The Weather Machine: How We See Into the Future

Andrew Blum

2019


Weather forecasting is one of the triumphs of modern technology – and especially computing technology. This book stretches across the technology stack, from the sensors that are collecting the raw data (and how they evolved from earlier systems) all the way to the modelling and processing of that data into usable forecasts, with some very interesting diversions into the sociology and politics of global weather forecasting, and how the rise of privately-owned data streams may improve the lives of many but disadvantage some of the areas of the world most in need of better forecasting as the climate warms.

But Blum manages to do all this without ever really getting to grips with the technology or the science, and that's rather disappointing. It's made worse by side-references to some ideas that could have formed the basis for discussion, for example Edward Witten's discovery of the chaotic dynamics of weather which is what drives a lot of model design. To me that suggests reading this book alongside Chaos: Making a New Science, where the science is more central and the technology therefore more understandable.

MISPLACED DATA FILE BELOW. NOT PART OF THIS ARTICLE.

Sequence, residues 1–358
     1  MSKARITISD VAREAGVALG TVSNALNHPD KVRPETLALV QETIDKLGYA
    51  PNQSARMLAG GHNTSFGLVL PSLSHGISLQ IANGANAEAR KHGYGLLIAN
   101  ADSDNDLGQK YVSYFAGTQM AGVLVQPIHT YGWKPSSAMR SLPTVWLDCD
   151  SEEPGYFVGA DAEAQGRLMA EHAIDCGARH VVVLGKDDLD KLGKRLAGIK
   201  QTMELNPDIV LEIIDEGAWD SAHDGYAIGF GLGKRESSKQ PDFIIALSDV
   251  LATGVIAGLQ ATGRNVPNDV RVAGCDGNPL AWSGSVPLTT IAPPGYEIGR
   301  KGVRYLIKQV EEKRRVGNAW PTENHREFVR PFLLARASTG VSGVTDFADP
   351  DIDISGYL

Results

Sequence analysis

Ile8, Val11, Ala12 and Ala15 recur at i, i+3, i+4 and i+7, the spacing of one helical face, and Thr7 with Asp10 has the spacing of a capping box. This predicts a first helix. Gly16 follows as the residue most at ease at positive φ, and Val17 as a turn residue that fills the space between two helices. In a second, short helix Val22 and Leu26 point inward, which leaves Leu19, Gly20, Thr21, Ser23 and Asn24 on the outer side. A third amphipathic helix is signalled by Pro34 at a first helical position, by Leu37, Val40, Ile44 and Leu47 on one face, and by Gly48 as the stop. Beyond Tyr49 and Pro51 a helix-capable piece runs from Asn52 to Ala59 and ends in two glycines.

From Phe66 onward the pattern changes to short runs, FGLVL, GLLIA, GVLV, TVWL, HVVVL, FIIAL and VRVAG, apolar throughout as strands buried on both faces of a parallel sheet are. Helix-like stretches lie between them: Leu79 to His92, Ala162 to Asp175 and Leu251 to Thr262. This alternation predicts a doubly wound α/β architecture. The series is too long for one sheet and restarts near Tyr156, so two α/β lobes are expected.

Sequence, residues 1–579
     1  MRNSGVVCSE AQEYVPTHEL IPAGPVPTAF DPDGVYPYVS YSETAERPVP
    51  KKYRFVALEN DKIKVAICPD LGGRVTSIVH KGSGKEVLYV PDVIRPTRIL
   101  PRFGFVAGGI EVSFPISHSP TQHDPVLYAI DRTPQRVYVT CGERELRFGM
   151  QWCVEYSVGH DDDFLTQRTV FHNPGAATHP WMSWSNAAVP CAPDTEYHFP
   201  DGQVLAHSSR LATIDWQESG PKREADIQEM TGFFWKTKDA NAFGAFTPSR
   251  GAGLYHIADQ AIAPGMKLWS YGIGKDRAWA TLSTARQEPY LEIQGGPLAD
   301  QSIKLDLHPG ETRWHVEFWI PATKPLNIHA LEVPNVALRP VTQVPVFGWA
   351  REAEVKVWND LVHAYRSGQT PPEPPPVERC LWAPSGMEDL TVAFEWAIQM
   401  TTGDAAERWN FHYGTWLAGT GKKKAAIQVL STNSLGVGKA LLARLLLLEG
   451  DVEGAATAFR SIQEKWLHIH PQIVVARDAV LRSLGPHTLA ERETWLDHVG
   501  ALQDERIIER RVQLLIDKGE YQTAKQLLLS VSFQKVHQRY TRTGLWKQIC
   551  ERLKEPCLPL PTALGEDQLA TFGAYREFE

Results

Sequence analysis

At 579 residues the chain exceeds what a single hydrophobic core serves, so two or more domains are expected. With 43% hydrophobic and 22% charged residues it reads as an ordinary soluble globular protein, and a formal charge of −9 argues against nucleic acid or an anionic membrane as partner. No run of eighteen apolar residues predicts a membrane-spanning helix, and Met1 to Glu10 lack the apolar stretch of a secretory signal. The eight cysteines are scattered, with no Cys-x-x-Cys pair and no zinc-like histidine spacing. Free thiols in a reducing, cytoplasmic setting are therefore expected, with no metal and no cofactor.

Finished on Sat, 12 Oct 2019 06:18:13 -0700.   Rating 3/5.

Underland

Robert Macfarlane

2019


A lyrical exploration of underground, in all sorts of senses, from potholing in England to trekking across a barren Norwegian island in search of palaeolithic rock art. It's an amazing journey to be taken on.

And the writing is quite amazing in many places. I've never been a caver (I used to be a rock climber), but the claustrophobia of some of the caving exploits made me squirm and get almost panicky even though I was sitting out in the sunshine. The description of the Paris necropolis and the way it's now a centre for an alternative nightlife is almost beyond belief, and Macfarlane's descriptions of artic villages and treacherous mountains are equally vivd and engrossing. This is one of the few books that really draws the reader in, like standing alongside the author in his adventures. Not to be missed.